Dallas, Texas - High-intensity step training that mimics real-world conditions may better improve walking ability in stroke survivors compared to traditional, low-impact training, according to new research published in the American Heart Association’s journal Stroke.
“People who suffer strokes often have difficulty walking and impaired balance. Rehabilitation after a stroke traditionally focuses on patients practicing low-intensity walking, usually only in a forward direction, which does not provide enough of a challenge to the nervous system to enable patients to negotiate real-world situations, such as uneven surfaces, stairs or changing direction,” said study author T. George Hornby, Ph.D., professor of physical medicine and rehabilitation at Indiana University School of Medicine in Indianapolis. “Our study suggests that stroke patients can perform higher intensity walking exercises and more difficult tasks than previously thought possible. We need to move beyond traditional, low-intensity rehabilitation to challenge the nervous and cardiovascular systems so patients can improve function and perform better in the real world.”
Researchers evaluated 90 people, 18- to 85-years-old with weakness on one side of the body who had survived a stroke at least six months prior.
Participants received training of either high-intensity stepping performing variable, difficult tasks; high-intensity stepping performing only forward walking; or low-intensity stepping of variable tasks. Variable tasks included walking on uneven surfaces, up inclines and stairs, over randomly placed obstacles on a treadmill and across a balance beam.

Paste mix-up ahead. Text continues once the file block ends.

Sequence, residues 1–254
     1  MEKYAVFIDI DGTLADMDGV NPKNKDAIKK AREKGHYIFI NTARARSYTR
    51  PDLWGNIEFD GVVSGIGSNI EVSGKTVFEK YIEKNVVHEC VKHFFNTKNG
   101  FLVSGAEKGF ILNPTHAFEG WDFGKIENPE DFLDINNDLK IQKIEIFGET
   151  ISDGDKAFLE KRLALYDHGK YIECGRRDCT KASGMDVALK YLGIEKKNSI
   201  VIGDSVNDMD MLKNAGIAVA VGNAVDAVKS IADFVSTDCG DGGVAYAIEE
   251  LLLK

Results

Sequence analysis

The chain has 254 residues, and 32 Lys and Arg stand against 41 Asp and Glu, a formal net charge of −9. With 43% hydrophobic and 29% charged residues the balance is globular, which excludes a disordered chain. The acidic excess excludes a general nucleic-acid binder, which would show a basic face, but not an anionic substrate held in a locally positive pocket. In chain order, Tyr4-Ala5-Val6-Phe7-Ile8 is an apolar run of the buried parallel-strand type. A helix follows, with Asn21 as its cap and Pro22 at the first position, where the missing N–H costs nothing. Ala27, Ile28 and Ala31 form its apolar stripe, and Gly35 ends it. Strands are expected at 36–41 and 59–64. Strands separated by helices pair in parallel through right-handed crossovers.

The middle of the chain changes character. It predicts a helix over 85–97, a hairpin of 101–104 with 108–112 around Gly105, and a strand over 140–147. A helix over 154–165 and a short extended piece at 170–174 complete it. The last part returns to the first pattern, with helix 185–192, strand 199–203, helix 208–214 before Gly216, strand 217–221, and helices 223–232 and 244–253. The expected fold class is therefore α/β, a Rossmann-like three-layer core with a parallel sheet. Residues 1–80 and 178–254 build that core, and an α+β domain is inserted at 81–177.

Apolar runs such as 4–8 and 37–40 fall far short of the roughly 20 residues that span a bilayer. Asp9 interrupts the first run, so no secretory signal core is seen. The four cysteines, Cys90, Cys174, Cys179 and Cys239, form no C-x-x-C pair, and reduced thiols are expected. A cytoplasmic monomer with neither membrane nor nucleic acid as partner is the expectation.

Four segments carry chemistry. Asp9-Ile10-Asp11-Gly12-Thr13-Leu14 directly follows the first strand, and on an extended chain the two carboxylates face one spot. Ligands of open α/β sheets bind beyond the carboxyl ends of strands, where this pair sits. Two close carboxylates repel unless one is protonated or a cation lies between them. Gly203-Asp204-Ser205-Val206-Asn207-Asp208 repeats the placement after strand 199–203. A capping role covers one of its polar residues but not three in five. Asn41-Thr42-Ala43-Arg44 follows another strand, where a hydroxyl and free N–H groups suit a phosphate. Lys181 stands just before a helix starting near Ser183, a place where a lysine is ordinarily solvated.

The researchers found:
- Survivors in both the high-intensity, variable training and high-intensity, forward walking groups walked faster and farther than the low-intensity, variable training group.
- For all walking outcomes, 57% to 80% of participants in the high-intensity groups had important clinical gains, while only 9% to 31% of participants did so following low-intensity training.
- High-intensity variable training also resulted in improved dynamic balance while walking and improved balance confidence.
Hornby noted that no serious adverse events occurred during the training sessions, suggesting stroke survivors can be pushed to higher intensity walking with more variable tasks during rehabilitation.
“Rehabilitation that allows walking practice without challenging the nervous system doesn't do enough to make a statistical or clinically significant difference in a patient’s recovery after a stroke,” Hornby said. “We found that when stroke patients are pushed harder, they see greater changes in less time, which translates into more efficient rehabilitation services and improved mobility.”
Ultimately, their goal is to incorporate high-intensity variable step training into regular clinical rehabilitation protocols.
The study was small compared to larger, multicenter clinical trials. Hornby said the next step would be to test high-intensity, variable step training in larger patient populations in a large, multicenter clinical trial.
Co-authors are Christopher E. Henderson, Ph.D.; Abbey Plawecki, D.P.T.; Emily Lucas, B.S.; Jennifer Lotter, D.P.T.; Molly Holthus, D.P.T.; Gabrielle Brazg, D.P.T.; Meghan Fahey, D.P.T.; Jane Woodward, D.P.T.; Marzieh Ardestani, Ph.D.; and Elliot J. Roth, M.D. Authors report no disclosures.
The National Institute on Disability, Independent Living and Rehabilitation Research and the National Institute of Neurological Disorders and Stroke funded the study.